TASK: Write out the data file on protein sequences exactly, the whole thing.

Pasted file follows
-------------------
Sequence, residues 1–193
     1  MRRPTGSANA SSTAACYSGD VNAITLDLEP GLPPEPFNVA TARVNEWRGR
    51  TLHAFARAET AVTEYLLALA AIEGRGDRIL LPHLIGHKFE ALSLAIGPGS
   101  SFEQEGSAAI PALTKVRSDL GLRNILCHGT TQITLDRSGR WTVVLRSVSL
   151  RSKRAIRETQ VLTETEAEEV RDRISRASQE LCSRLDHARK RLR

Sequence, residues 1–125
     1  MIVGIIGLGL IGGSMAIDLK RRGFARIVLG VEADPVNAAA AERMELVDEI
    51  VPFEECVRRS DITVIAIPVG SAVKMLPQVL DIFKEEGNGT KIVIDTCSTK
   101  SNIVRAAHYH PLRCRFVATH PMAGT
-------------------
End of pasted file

Sequence, residues 1–193
     1  MRRPTGSANA SSTAACYSGD VNAITLDLEP GLPPEPFNVA TARVNEWRGR
    51  TLHAFARAET AVTEYLLALA AIEGRGDRIL LPHLIGHKFE ALSLAIGPGS
   101  SFEQEGSAAI PALTKVRSDL GLRNILCHGT TQITLDRSGR WTVVLRSVSL
   151  RSKRAIRETQ VLTETEAEEV RDRISRASQE LCSRLDHARK RLR

Sequence, residues 1–125
     1  MIVGIIGLGL IGGSMAIDLK RRGFARIVLG VEADPVNAAA AERMELVDEI
    51  VPFEECVRRS DITVIAIPVG SAVKMLPQVL DIFKEEGNGT KIVIDTCSTK
   101  SNIVRAAHYH PLRCRFVATH PMAGT